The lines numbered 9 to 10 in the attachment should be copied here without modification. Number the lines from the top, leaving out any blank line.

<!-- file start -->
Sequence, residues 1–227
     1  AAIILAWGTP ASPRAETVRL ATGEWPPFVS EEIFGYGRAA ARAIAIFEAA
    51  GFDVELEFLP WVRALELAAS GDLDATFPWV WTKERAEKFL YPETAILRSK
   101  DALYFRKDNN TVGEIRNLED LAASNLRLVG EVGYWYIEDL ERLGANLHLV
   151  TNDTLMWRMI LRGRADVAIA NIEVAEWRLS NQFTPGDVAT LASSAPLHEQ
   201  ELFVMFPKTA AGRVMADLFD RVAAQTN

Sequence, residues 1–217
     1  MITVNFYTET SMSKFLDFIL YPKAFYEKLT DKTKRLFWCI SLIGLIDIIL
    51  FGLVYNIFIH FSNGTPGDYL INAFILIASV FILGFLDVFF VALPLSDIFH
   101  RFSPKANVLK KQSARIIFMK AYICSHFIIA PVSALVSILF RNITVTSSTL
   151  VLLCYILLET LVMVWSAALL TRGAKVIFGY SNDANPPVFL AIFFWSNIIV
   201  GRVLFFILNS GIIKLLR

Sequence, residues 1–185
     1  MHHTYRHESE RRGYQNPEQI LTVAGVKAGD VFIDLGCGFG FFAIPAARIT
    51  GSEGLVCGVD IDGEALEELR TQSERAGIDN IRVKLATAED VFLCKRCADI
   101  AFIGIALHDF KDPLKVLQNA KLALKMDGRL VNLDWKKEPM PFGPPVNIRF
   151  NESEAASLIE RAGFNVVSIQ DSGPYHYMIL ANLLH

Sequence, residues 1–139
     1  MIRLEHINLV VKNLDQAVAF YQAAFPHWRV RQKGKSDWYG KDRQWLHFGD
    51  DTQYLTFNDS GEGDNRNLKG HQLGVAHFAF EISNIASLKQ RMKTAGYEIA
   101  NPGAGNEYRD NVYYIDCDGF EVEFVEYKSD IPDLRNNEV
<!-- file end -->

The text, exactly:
    51  FGLVYNIFIH FSNGTPGDYL INAFILIASV FILGFLDVFF VALPLSDIFH
   101  RFSPKANVLK KQSARIIFMK AYICSHFIIA PVSALVSILF RNITVTSSTL